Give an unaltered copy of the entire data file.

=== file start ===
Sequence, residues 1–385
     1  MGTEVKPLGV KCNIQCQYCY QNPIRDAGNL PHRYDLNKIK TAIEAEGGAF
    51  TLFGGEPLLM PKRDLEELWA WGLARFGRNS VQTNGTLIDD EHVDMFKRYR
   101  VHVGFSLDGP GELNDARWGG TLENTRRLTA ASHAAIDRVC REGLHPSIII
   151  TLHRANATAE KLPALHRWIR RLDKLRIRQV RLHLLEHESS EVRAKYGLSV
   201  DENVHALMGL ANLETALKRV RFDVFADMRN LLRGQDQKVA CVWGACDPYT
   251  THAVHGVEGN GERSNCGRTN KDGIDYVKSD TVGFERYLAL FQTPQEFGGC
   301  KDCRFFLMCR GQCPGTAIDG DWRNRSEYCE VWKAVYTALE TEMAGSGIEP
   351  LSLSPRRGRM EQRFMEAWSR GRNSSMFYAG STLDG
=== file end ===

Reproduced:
Sequence, residues 1–385
     1  MGTEVKPLGV KCNIQCQYCY QNPIRDAGNL PHRYDLNKIK TAIEAEGGAF
    51  TLFGGEPLLM PKRDLEELWA WGLARFGRNS VQTNGTLIDD EHVDMFKRYR
   101  VHVGFSLDGP GELNDARWGG TLENTRRLTA ASHAAIDRVC REGLHPSIII
   151  TLHRANATAE KLPALHRWIR RLDKLRIRQV RLHLLEHESS EVRAKYGLSV
   201  DENVHALMGL ANLETALKRV RFDVFADMRN LLRGQDQKVA CVWGACDPYT
   251  THAVHGVEGN GERSNCGRTN KDGIDYVKSD TVGFERYLAL FQTPQEFGGC
   301  KDCRFFLMCR GQCPGTAIDG DWRNRSEYCE VWKAVYTALE TEMAGSGIEP
   351  LSLSPRRGRM EQRFMEAWSR GRNSSMFYAG STLDG